Fukushima steps up efforts to freeze radioactive water

Tokyo, The operator of the tsunami-crippled Fukushima nuclear power plant has said it will accelerate the process of freezing irradiated water in underground tunnels.

Tokyo Electric Power Company (TEPCO) would thus comply with the requirements of Japan's Nuclear Regulation Authority (NRA), which has expressed concern over the delays in carrying out the work, Japanese state broadcaster NHK reported Wednesday.

The objective is to contain flow of radioactive water into the ocean.

At present, the water used to cool "melted-down fuel in damaged reactors has leaked out of reactor buildings into underground utility tunnels" and "tainted runoff, mixed with groundwater, is believed to be seeping into the ground and ending up in the sea", the NHK said.

The method planned by TEPCO involves freezing the underground tunnels by surrounding them with other pipes that will inject coolant at very low temperatures.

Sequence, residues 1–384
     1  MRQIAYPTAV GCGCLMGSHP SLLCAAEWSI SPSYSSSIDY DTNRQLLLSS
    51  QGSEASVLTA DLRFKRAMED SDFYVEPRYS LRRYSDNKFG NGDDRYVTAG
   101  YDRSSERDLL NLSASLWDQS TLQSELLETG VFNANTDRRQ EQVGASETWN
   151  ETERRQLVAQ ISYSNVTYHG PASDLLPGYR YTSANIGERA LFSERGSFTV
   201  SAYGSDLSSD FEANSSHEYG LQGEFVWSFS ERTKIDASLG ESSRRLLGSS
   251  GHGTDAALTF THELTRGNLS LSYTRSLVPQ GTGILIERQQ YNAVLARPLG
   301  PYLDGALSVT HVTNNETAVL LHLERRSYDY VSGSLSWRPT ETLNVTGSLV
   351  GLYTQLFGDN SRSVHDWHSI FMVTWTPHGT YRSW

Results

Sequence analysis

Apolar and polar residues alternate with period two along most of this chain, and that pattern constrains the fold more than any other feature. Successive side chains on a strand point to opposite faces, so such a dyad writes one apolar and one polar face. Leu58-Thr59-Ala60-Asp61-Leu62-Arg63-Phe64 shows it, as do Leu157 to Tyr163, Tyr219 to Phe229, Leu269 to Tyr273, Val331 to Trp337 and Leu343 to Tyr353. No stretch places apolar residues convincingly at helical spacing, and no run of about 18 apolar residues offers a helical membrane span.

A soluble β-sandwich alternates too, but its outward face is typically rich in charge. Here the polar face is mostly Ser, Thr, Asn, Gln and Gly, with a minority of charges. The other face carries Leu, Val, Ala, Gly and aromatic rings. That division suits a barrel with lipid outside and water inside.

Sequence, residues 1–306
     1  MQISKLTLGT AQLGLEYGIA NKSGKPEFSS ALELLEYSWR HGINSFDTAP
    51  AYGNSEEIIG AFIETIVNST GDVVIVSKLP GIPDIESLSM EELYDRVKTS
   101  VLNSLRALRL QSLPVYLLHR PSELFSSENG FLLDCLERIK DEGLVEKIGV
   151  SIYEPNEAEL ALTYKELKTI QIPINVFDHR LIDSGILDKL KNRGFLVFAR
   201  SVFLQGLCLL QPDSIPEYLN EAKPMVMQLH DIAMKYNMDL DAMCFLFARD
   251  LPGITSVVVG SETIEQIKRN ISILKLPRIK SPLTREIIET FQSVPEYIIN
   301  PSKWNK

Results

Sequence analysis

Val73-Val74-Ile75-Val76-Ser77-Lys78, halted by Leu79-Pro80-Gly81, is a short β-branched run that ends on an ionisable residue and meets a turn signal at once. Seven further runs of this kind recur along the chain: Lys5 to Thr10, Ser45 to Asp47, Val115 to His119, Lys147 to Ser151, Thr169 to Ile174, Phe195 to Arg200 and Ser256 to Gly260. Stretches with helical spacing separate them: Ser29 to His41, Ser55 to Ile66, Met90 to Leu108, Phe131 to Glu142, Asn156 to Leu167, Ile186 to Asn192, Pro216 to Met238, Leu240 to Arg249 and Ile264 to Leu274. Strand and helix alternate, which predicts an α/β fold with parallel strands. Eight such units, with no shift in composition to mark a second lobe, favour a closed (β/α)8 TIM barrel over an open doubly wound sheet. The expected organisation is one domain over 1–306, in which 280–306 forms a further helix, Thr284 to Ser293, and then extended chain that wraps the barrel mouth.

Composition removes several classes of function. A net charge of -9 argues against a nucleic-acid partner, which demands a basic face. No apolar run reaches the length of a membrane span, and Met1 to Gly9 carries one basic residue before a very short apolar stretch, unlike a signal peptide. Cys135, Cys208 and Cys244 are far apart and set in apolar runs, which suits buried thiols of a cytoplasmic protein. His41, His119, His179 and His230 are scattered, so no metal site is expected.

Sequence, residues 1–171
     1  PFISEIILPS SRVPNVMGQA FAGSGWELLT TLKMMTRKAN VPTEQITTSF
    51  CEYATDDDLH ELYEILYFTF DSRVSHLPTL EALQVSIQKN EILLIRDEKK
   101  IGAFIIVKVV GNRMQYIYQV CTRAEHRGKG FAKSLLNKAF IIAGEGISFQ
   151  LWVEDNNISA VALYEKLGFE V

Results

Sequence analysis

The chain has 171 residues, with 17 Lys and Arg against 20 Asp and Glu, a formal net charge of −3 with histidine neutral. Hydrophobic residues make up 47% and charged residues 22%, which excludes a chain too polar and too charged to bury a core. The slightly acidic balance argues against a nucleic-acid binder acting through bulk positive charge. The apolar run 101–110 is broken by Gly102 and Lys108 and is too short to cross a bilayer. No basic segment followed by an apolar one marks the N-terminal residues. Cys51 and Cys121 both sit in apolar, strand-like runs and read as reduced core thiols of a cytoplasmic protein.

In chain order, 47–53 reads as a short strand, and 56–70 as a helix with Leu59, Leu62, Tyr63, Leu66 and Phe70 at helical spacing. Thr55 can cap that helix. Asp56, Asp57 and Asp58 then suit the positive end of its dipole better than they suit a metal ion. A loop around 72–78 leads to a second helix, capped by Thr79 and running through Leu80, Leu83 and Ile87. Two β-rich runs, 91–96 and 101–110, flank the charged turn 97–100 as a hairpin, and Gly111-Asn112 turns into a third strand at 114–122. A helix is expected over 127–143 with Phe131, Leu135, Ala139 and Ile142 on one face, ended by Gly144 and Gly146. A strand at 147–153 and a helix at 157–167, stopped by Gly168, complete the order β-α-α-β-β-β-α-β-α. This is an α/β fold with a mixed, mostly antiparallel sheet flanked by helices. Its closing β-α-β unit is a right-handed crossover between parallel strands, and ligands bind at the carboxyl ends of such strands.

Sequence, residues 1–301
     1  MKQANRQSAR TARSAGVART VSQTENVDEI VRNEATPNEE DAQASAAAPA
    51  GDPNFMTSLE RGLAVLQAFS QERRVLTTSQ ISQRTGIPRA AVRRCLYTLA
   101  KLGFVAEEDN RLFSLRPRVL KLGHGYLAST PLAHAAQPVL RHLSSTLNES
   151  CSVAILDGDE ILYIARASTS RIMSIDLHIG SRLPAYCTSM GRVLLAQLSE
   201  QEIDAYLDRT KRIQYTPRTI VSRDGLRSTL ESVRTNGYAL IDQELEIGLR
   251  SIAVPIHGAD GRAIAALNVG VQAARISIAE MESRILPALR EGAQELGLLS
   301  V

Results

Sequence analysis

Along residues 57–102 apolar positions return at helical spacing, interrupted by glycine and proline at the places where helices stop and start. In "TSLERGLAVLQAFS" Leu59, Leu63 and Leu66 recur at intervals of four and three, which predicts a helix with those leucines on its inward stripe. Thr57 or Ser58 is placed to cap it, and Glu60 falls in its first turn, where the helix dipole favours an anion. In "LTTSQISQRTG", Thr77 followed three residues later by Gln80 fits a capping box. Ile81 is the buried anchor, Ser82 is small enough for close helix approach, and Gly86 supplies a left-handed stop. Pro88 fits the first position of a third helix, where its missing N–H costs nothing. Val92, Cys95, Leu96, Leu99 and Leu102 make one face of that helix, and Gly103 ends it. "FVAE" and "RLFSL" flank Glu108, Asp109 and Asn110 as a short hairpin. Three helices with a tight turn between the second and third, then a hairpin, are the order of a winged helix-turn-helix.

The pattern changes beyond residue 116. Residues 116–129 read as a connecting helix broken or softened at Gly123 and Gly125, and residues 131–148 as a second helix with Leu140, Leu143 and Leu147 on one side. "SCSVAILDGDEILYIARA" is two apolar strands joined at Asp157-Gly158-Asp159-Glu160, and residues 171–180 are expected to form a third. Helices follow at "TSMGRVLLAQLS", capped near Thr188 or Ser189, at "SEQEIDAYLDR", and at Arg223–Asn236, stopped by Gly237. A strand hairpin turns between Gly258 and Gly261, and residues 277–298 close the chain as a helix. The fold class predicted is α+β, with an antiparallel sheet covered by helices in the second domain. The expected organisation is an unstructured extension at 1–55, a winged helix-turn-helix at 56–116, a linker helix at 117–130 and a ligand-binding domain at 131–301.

The tunnels have not yet been frozen due to technical difficulties, meaning TEPCO has fallen short of the regulator's deadline.

To resolve the issue, TEPCO will install additional pipes with coolant, introduce blocks of ice in the tunnels, and use sandbags to seal off other areas that cannot be frozen.

This project is separate from a larger one that TEPCO is carrying out to build an underground "wall of ice" around the four damaged reactors.

The work, which is scheduled to be completed in 2020, will prevent highly radioactive water that has accumulated in the reactors' basements from mixing with groundwater and seeping into the sea.

The delay in completing the first project could also affect the "wall of ice", the NRA warned.

It is believed that everyday 300 tonnes of contaminated water are seeping into the sea from the plant.

The Fukushima facility was battered by a powerful March 2011 earthquake and a subsequent tsunami, resulting in the worst nuclear disaster since the 1986 meltdown of the Chernobyl plant in Ukraine.

Because of the emissions and resulting radioactive waste, 50,000 people who lived near the plant were forced to evacuate and have not been able to return home.

The disaster also severely affected the local agriculture, livestock and fishing industries.

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